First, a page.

The Anti-Economist — From the November 2012 issue

The Entitlement Crisis That Isn’t

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At September’s Democratic National Convention, Bill Clinton roused his party when he said that Republicans, having left Barack Obama with a “total mess,” were now complaining that the president hasn’t “cleaned it up fast enough.” Clinton barely mentioned what got us into that mess: George W. Bush’s sharp tax cuts, mostly for the wealthy, which led more to financial speculation than to solid growth. He didn’t mention that job creation was slower in the years following the Bush tax cuts than at any other time in the postwar era. Nor did he mention that a substantial increase in taxes would go a long way toward calming the financial waters, since the very idea of tax hikes remains anathema. Though many Democrats like to bask in nostalgia for the 1990s, they rarely mention that Clinton was the last president to get a major tax increase passed by Congress. It’s no coincidence, of course, that one of the country’s greatest periods of peacetime prosperity followed.

Contrary to warnings by politicians of both parties and by almost all of the mainstream press, America’s biggest fiscal problem is not spending on Social Security, Medicare, and Medicaid; it is our almost complete unwillingness to tax ourselves sufficiently to maintain a modern state. Today’s deficit—now at about $1.1 trillion—was caused not by social spending but by the Bush tax cuts of 2001 and 2003, the Iraq war, and the recent recession. So where did the consensus that entitlements are the principal cause of all the nation’s financial problems—and that cutting them is the only path to fiscal health—come from?

It should not surprise that such right-wing groups as the Heritage Foundation insist that entitlement spending will eventually soak up all federal revenue.

By their own account this won’t happen until at least 2045, even if we accept the assumption that there will be no rise in federal tax revenues and that reforms such as Obamacare will have no serious impact on future health-care costs.

But they aren’t the only ones leading this disinformation effort. The Third Way, a centrist Democratic organization, notes that spending on entitlements has been growing while public investment in infrastructure, education, and so forth has been falling. “Entitlements are squeezing out public investments,” they conclude. But there is no causal relationship to be found here. Bill Clinton was stingy about raising public investment in the 1990s even when he had a big surplus to work with. Meanwhile, military spending has somehow not been squeezed by entitlements. Even granting such an investment squeeze, The Third Way never raises the possibility that more federal revenue might relieve it.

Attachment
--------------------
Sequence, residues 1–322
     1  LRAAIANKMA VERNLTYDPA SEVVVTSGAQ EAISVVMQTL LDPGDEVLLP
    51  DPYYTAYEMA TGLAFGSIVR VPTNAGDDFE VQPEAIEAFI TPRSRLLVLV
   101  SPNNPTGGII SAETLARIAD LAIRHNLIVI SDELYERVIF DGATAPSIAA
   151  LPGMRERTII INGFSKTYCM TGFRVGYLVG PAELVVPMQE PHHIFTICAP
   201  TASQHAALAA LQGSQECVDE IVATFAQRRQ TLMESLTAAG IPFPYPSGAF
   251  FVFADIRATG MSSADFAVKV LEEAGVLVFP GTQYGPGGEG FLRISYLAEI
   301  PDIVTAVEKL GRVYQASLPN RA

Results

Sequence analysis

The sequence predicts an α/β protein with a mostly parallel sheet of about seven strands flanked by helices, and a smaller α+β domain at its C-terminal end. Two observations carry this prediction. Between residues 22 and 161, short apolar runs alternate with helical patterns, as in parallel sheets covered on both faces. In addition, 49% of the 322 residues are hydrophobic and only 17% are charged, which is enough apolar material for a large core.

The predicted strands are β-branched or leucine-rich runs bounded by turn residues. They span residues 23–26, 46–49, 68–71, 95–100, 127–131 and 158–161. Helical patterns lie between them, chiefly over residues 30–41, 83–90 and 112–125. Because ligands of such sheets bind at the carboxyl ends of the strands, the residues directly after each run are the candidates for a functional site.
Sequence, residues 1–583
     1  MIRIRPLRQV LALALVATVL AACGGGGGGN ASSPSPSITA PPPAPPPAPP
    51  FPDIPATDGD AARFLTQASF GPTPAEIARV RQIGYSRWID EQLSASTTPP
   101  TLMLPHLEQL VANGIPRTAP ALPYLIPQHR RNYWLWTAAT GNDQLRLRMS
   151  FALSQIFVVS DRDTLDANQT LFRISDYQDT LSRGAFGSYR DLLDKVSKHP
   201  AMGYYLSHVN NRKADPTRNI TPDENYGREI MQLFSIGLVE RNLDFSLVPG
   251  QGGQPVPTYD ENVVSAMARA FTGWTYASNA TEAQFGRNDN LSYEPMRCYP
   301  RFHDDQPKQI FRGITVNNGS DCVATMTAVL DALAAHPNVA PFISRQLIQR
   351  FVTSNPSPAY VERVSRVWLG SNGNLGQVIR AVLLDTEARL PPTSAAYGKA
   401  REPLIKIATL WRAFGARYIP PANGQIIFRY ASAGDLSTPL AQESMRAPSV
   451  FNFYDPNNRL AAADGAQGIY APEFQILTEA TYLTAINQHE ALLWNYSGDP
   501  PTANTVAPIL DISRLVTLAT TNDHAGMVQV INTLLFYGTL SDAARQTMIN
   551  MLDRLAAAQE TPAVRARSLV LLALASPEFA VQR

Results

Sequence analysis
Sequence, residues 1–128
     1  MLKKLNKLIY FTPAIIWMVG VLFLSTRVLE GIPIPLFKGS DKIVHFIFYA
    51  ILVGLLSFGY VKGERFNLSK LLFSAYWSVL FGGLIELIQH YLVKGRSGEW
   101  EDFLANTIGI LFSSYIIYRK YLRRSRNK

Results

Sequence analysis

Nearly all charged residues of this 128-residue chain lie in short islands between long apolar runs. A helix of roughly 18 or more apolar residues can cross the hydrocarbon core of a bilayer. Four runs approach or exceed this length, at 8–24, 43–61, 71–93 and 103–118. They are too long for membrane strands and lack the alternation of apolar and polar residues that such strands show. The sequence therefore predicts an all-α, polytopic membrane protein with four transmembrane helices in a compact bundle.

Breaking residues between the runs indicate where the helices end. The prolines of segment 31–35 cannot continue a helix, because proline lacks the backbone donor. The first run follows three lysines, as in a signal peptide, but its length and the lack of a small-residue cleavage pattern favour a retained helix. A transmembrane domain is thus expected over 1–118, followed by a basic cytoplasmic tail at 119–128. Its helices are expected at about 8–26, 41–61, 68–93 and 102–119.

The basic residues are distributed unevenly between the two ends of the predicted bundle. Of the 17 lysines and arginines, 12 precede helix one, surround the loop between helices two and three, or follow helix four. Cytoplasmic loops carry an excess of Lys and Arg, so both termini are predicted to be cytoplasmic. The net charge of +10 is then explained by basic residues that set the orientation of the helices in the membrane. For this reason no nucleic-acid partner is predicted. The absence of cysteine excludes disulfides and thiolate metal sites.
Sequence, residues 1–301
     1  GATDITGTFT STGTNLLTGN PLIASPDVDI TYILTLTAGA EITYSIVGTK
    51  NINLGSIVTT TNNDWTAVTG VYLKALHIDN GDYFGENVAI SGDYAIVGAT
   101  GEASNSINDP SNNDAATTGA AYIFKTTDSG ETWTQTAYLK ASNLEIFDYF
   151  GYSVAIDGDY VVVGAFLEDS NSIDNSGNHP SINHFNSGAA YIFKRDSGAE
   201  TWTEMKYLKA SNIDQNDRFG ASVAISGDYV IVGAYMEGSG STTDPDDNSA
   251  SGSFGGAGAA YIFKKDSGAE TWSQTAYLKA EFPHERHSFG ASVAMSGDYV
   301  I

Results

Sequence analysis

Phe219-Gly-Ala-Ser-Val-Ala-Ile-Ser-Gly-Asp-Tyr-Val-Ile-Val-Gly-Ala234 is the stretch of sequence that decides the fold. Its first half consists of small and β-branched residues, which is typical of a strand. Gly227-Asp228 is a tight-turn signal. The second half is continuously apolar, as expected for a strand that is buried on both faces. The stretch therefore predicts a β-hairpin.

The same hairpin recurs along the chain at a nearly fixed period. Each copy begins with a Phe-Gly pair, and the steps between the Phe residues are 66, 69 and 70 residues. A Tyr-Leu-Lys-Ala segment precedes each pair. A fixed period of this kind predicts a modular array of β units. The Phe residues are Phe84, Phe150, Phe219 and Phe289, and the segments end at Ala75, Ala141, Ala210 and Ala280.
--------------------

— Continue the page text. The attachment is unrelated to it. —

The preference for small government and spending cuts is not based on serious economic research. Although ideologically biased economists generate studies “proving” that higher taxes and bigger government reduce growth, the best, most objective analysis of tax rates, by Joel B. Slemrod of the University of Michigan and Jon Bakija of Williams College, finds no relationship between high taxes and reduced rates of economic growth.

The same is true of government size and growth. The most important book on the economic impact of big government around the world is Growing Public, by Peter H. Lindert, a respected mainstream economist at the University of California at Davis. A large government, he finds, simply poses no systemic impediment to growth. Big governments don’t spend money stupidly. Much of their social-welfare expenditure, including on low-cost education, parental leave, and child-care regulations, is good for growth.

Faced with these facts, pundits and politicians alike fall back on a template established a few years ago by Joshua Bolten, George W. Bush’s budget director. “In the longer run,” he wrote in 2006, “no plausible amount of tax increases could possibly close the enormous gap that will be created by the unsustainable growth in entitlement programs.” Members of the centrist commentariat take Bolten’s claim as gospel. In a July New York Times column, for example, the paper’s former executive editor Bill Keller, whose reputation as a reporter had always been excellent, wrote, “The traditional liberal alternatives—raise taxes on the well-to-do, cut military spending—are not nearly enough by themselves. The arithmetic simply doesn’t work, unless we face the fact that entitlements are a bargain we can’t afford to keep, not in full.”

But as Bruce Bartlett, a high-level adviser to Ronald Reagan and George H. W. Bush—and no fuzzy-headed liberal—succinctly puts it, Bolten’s statement is “factually wrong.” Despite Keller’s insistence, the arithmetic does work. “Almost every country in Europe has a tax/GDP ratio high enough to cover all of the projected increase in spending in the United States through higher revenues alone,” writes Bartlett. Roughly speaking, the average nation among the thirty-four members of the Organization for Economic Cooperation and Development (OECD) collected some 38 percent of its citizens’ income in taxes. U.S. citizens are taxed—including all federal, state, and local income taxes, sales taxes, and payroll taxes (the taxes that are taken out of every employee’s paycheck for Social Security and Medicare)—at only about 26 percent of their income. Yet the high-tax economies grow about as fast as ours does, sometimes faster. Prosperous Denmark, Norway, and Sweden have tax rates well above 40 percent.

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